Talking, talking, happy talk: On regionalisms

April 14, 2008

“She must’ve been a real skookum nurse,” my father said last weekend while telling a tale of my uncle, a ditch, and a daring rescue. Needless to say, the story was great. But the word use: awesome.

I grew up in a town vivisected by a few rivers — one of them, the Skookumchuck. Nevertheless, it had never occurred to me to use “skookum” in conversation. According to the dictionary, “skookum” means “large, powerful, impressive,” and comes from my neck of the U.S. — the Pac Northwest. No wonder Pops knew it. That, and the phrasal equivalent of ragamuffin, i.e., “looks like he got drug through a knothole backwards.” Precious.

Naturally, thinking regionalisms got me thinking accents, which got me thinking internet quiz (do I have better things to do? Do I?). Here are my results:

What American accent do you have?

Your Result: The Midland

“You have a Midland accent” is just another way of saying “you don’t have an accent.” You probably are from the Midland (Pennsylvania, southern Ohio, southern Indiana, southern Illinois, and Missouri) but then for all we know you could be from Florida or Charleston or one of those big southern cities like Atlanta or Dallas. You have a good voice for TV and radio.

The West
Boston
North Central
The Inland North
The South
Philadelphia
The Northeast
What American accent do you have?
Quiz Created on GoToQuiz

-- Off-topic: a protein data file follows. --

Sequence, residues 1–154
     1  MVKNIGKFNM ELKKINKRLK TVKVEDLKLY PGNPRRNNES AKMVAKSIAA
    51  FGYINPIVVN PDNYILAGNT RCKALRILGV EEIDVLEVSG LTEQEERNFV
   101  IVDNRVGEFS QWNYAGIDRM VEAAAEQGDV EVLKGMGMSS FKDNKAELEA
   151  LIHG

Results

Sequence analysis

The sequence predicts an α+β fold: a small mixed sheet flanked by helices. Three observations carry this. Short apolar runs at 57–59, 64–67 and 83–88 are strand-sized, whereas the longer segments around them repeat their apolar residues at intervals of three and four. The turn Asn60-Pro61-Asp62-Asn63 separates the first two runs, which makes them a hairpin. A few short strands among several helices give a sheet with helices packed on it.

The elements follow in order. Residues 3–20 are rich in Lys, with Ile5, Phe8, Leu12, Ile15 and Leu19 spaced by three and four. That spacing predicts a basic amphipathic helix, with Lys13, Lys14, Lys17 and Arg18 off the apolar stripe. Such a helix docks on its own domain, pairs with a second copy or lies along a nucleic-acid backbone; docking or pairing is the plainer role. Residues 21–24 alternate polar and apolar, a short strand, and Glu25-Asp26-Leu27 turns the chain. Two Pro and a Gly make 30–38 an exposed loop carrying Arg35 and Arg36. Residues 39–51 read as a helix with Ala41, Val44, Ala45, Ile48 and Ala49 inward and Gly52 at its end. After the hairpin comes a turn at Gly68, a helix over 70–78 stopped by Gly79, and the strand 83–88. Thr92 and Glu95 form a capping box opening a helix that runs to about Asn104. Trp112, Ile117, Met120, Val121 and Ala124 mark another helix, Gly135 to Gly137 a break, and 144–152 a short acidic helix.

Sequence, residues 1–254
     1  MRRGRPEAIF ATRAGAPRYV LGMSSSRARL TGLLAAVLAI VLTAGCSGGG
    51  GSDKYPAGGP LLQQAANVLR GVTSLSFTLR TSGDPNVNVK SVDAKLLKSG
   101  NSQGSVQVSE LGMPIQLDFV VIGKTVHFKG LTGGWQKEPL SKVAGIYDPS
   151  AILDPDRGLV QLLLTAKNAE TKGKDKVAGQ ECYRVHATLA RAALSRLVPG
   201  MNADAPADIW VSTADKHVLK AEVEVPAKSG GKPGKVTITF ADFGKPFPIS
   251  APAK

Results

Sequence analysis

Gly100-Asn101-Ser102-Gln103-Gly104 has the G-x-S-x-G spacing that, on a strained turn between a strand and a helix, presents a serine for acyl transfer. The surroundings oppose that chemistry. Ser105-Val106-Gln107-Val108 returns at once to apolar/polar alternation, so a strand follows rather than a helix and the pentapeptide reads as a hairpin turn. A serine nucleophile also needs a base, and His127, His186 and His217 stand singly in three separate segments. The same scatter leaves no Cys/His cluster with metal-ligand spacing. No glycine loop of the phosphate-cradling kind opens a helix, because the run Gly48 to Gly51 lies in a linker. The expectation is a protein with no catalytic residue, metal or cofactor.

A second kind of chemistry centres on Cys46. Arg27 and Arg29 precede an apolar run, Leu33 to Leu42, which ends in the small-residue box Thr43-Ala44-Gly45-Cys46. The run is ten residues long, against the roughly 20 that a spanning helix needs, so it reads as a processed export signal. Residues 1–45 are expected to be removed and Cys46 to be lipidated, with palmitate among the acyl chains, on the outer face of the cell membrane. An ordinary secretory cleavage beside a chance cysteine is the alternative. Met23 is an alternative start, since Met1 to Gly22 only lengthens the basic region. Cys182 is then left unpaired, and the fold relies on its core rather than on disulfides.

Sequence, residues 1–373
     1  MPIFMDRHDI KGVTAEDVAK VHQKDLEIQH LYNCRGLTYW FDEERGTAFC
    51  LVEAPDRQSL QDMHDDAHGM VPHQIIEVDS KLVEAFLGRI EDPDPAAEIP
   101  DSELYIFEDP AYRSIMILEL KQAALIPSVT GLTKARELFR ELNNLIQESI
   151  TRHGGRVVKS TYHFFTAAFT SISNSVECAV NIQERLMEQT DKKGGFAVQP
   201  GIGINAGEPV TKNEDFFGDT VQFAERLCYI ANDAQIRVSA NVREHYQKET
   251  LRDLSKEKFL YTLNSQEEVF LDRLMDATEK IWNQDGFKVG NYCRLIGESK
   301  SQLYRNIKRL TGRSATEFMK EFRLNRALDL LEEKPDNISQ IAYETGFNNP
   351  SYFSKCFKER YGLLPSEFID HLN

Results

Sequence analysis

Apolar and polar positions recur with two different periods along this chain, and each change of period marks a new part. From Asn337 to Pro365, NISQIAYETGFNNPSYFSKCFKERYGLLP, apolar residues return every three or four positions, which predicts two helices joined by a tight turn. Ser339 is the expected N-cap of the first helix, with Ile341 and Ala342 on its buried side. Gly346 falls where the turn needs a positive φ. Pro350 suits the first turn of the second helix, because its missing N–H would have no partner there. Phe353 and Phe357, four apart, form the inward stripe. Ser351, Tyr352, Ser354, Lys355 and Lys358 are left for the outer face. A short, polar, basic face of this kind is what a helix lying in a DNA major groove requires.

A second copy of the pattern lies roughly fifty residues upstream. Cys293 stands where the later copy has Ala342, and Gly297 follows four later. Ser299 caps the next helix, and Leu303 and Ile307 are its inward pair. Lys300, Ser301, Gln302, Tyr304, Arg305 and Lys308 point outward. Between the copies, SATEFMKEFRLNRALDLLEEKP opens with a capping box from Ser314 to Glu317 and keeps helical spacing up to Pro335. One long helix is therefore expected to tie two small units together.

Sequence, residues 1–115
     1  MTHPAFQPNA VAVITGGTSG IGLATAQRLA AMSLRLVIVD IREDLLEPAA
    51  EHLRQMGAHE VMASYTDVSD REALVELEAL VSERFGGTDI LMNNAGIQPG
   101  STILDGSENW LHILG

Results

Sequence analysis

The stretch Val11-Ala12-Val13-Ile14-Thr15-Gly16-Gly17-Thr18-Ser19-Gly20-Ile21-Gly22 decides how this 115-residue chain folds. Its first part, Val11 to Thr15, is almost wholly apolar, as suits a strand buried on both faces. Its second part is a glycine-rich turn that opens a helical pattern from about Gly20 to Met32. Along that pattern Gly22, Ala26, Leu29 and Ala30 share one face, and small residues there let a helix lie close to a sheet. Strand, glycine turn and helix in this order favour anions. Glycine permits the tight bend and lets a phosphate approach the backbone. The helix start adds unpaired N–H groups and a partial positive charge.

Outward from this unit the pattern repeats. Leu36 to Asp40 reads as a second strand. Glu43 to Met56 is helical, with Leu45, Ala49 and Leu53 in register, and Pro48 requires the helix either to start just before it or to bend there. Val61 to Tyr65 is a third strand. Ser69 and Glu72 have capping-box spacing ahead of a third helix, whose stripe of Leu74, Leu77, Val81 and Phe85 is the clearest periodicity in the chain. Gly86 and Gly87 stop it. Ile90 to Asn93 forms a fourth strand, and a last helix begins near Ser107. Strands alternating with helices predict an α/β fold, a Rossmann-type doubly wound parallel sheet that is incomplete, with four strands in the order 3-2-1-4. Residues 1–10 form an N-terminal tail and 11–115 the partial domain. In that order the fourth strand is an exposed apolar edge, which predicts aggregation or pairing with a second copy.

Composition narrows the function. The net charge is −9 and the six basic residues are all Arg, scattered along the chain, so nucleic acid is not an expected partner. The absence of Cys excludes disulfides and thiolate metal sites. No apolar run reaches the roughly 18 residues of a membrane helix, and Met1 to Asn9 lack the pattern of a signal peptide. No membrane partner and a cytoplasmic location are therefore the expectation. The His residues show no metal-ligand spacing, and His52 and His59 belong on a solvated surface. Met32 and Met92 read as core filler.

How about you? What phrases did you learn from yer elders? What words are riddled with your nostalgia?

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3 Responses to “Talking, talking, happy talk: On regionalisms”

  1. Sarah said

    Still in the South (tho my family would say differently!)

  2. Richard said

    The quiz thinks I’m The Inland North, but that’s just silly. Just under The Inland North were The South and The Midland (in order), but I would say that I’m Midland with bits of South thrown in. Yes, I’m originally a Southern boy, but I lost most of that accent years ago. Though I’ll admit I spend a fair amount of time reckoning and figuring, when I’m not fixin’ to reckon or figure.

  3. Sarah: Not surprised!

    Richard: I’m a bit skeptical, too; I was born and raised here in Washington — where’s this “Midland” jazz coming from?

    Glad you both took the quiz.

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